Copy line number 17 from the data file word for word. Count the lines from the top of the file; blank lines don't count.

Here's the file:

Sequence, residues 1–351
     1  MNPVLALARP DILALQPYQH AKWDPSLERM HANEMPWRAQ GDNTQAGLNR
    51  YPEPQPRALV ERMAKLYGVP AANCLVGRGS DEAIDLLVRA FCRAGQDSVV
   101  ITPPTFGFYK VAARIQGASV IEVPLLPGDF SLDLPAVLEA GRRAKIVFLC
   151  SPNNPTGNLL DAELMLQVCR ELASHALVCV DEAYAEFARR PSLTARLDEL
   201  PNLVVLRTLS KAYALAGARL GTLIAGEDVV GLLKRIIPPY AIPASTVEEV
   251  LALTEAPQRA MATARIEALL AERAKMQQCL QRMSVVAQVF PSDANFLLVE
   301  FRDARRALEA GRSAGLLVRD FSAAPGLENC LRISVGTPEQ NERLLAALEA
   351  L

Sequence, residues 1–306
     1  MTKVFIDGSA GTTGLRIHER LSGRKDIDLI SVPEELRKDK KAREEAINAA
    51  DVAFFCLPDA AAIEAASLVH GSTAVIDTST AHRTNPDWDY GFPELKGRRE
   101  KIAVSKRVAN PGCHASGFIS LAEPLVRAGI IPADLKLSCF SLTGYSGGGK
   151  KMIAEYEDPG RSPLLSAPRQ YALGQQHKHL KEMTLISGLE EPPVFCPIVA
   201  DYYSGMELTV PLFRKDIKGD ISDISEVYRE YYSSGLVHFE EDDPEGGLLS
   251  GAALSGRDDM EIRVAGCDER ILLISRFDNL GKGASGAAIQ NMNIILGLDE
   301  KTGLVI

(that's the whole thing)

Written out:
   301  KTGLVI